June 16, 2017

The ghost in the machine

rotated-patrickball-2017.jpgHumans are a problem in decision-making. We have prejudices based on limited experience, received wisdom, weird personal irrationality, and cognitive biases psychologists have documented. Unrecognized emotional mechanisms shield us from seeing our mistakes.

Cue machine learning as the solution du jour. Many have claimed that crunching enough data will deliver unbiased judgements. These days, this notion is being debunked: the data the machines train on and analyze arrives pre-infected, as we created it in the first place, a problem Cathy O'Neil does a fine job of explaining in Weapons of Math Destruction. See also Data & Society and Fairness, Accountability, and Transparency in Machine Learning.

Patrick Ball, founding director of the Human Rights Database Analysis Group, argues, however, that there are underlying worse problems. HRDAG "applies rigorous science to the analysis of human rights violations around the world". It uses machine learning - currently, to locate mass graves in Mexico - but a key element of its work is "multiple systems estimation" to identify overlaps and gaps.

"Every kind of classification system - human or machine - has several kinds of errors it might make," he says. "To frame that in a machine learning context, what kind of error do we want the machine to make?" HRDAG's work on predictive policing shows that "predictive policing" finds patterns in police records, not patterns in occurrence of crime.

Media reports love to rate machine learning's "accuracy", typically implying the percentage of decisions where the machine's "yes" represents a true positive and its "no" means a true negative. Ball argues this is meaningless. In his example, a search engine that scans billions of web pages for "Wendy Grossman" can be accurate to .99999 because the vast supply of pages that don't mention me (true negatives) will swamp the results. The same is true of any machine system trying to find something rare in a giant pile of data - and it gets worse as the pile of data gets bigger, a problem net.wars has often called searching for a needle in a haystack by building bigger haystacks in relation to data retention.

For any automated decision system, you can draw a 2x2 confusion matrix, like this:
"There are lots of ways to understand that confusion matrix, but the least meaningful of those ways is to look at true positives plus true negatives divided by the total number of cases and say that's accuracy," Ball says, "because in most classification problems there's an asymmetry of yes/no answers" - as above. A "94% accurate" model "isn't accurate at all, and you haven't found any true positives because these classifications are so asymmetric." This fact does make life easy for marketers, though: you can improve your "accuracy" just by throwing more irrelevant data at the model. "To lay people, accuracy sounds good, but it actually isn't the measure we need to know."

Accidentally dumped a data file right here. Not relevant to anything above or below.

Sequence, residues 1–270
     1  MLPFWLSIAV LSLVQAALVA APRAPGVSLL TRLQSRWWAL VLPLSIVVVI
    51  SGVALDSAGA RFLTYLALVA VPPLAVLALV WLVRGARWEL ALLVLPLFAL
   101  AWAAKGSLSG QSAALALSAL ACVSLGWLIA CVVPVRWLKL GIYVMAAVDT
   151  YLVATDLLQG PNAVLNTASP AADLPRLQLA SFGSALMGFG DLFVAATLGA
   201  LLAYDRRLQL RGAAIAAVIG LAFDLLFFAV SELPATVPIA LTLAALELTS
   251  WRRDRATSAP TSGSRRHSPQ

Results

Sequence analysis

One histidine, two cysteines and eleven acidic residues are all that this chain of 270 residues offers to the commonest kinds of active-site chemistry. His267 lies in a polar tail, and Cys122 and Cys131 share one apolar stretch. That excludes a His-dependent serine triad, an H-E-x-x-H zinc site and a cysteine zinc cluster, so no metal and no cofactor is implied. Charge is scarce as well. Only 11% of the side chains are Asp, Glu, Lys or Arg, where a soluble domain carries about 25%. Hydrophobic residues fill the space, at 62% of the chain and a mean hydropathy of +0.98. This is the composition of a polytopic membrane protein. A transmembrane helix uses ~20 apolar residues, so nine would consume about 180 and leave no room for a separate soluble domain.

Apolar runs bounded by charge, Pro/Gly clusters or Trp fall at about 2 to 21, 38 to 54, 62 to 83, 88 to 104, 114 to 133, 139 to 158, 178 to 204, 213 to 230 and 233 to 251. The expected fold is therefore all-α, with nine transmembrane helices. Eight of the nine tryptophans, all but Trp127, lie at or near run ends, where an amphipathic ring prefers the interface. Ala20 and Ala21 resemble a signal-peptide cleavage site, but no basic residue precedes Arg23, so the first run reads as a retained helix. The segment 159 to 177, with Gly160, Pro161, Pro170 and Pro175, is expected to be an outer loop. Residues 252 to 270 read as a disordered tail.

Unfortunately, there isn't a single measure: "We need to know at least two, and probably four. What we have to ask is, what kind of mistakes are we willing to tolerate?"

In web searches, we can tolerate a few seconds to scan 100 results and ignore the false positives. False negatives - pages missing that we wanted to see - are less acceptable. Machine learning uses "recall" for the fraction of true positives in the set of results, and "precision" for that of true positives in the entire set being searched. The various ways the classifier can be set can be drawn as a curve. Human beings understand a single number better than tradeoffs; reporting accuracy then means picking a spot on the curve as the point to set the classifier. "But it's always going to be ridiculously optimistic because it will include an ocean of true negatives." This is true whether you're looking for 2,000 fraudulent financial transactions in a sea of billions daily, or finding a handful of terrorists in the general population. Recent attackers, from 9/11 to London Bridge 2017, have already been objects of suspicion, but forces rarely have the capacity to examine every such person, and before an attack there may be nothing to find. Retaining all that irrelevant data may, however, help forensic investigation.

Where there are genuine distinguishing variables, the model will find the matches even given extreme asymmetry in the data. "If we're going to report in any serious way, we will come up with lay language around, 'we were trying to identify 100 people in a population of 20,00 and we found 90 of them." Even then, care is needed to be sure you're finding what you think. The classic example here is the the US Army's trial using neural networks to find camouflaged tanks. The classifier fell victim to the coincidence that all the pictures with tanks in them had been taken on sunny days and all the pictures of empty forest on cloudy days. "That's the way bias works," Ball says.

Cathy_O'Neil_at_Google_Cambridge.jpgThe crucial problem is that we can't see the bias. In her book, O'Neil favors creating feedback loops to expose these problems. But these can be expensive and often can't be created - that's why the model was needed.

"A feedback loop may help, but biased predictions are not always wrong - but they're wrong any time you wander into the space of the bias," Ball says. In his example: say you're predicting people's weight given their height. You use one half of a data set to train a model, then plot heights and weights, draw a line, and use its slope and intercept to predict the other half. It works. "And Wired would write the story." Investigating when the model makes errors on new data shows the training data all came from Hong Kong schoolchildren who opted in, a bias we don't spot because getting better data is expensive, and the right answer is unknown.